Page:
The 2015 general election left the Liberal Democrats on a precipice. The party was reduced to just eight MPs, a much shrunken local government base, and had been dethroned from its traditional position as the third party of British politics.
Since then, it has been seeking a way back to its post-1997, pre-2010 levels of support, and the result of the EU referendum in 2016 seemed to offer just that. By speaking out for a pro-European Union perspective, a position the Liberal Democrats had long held as a party, they hoped to build support among voters who had opted for Remain.
An early general election poses a major problem for the party – it’s too soon to have had a chance to shake off the negative legacy of coalition with the Conservatives, and too soon to see how the government’s negotiating strategy for leaving the EU will play out.
The party manifesto for the June 2017 election tries to offer the electorate policies that will overcome these twin pressures. It also seeks to give the party something to build on before the next general election, which is expected to be held in 2022, after the UK has left the EU. Perhaps understandably, it seeks to limit the ambition of the party to being a stronger opposition, rather than seeking to enter government. Indeed, it explicitly rules out a coalition with either the Conservatives or Labour.
The big issues
There is a twin track offer on Brexit in this manifesto. On the one hand, during the negotiations, the Liberal Democrats will campaign for Britain to remain in the single market. On the other, the party wants to offer a referendum on the final deal, with an option to remain in the European Union on the ballot paper.
Clearly, the party hopes to appeal to Remainers with this strategy but it is doubtless also hoping that, by laying out an alternative Brexit strategy, it can also appeal to Leave voters who don’t want a dramatic change in the UK’s relationship with Europe. It is an effort at triangulation – and it may prove to be too clever by half.
Beyond Brexit, the manifesto commits to higher spending on health, education and welfare. This change of direction is underwritten in particular by a promise to raise income tax by a penny in the pound at every level. An extra £6 billion would be spent on health and an extra £7 billion on education. Within these areas, the party places the greatest emphasis on mental health, social care, early years education, and the schools budget.
The Liberal Democrats have traditionally enjoyed strong support among public sector workers – these policies, coupled with their pledge to allow public sector pay to increase at above the current rate of 1% a year, clearly aim to restore their appeal to those voters.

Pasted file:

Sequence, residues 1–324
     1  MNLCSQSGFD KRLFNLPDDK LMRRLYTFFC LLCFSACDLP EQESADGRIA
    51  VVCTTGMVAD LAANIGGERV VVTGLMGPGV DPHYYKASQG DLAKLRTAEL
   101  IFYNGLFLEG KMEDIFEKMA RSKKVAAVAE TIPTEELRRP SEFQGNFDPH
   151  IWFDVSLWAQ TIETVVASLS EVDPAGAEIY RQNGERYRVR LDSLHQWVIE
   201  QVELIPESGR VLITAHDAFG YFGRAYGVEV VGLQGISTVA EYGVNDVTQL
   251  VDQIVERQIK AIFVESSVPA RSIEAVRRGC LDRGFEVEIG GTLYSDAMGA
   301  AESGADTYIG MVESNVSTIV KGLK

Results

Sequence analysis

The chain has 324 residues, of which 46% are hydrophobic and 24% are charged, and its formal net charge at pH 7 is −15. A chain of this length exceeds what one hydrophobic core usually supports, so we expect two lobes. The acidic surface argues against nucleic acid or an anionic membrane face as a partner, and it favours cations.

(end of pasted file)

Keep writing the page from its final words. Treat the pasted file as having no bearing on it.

Young voters are another clear target in the manifesto. The promise to legalise and regulate the sale of cannabis has drawn significant attention already but the goal of building 300,000 homes a year by 2022 will have a strong appeal for voters who feel locked out of the housing market. We should also include the policy on Brexit, which was strongly opposed by younger voters in the referendum, as part of this pitch.
Each UK election brings with it a call for young people to vote – and, without fail, each UK election so far has failed to see this call translate into dramatically higher turnout among younger voters. While the Liberal Democrats have clearly identified younger voters as more receptive to their message of change, it is an electorally risky strategy to adopt.
The problem is compounded by the fact that party leader Tim Farron has faced intense criticism for his position on social issues, and simply has not been received well by voters as a whole. Young voters are also being targeted heavily by Labour as it tries to fight the Conservatives.
There are a great many forces pressing on the Liberal Democrats in this election. With the legacy of the coalition hanging over them, Brexit still incomplete, and a leader who is not resonating with the public, the party will surely hope that this manifesto gives them the ammunition they need to advance on their 2015 position.
This article originally appeared in The Conversation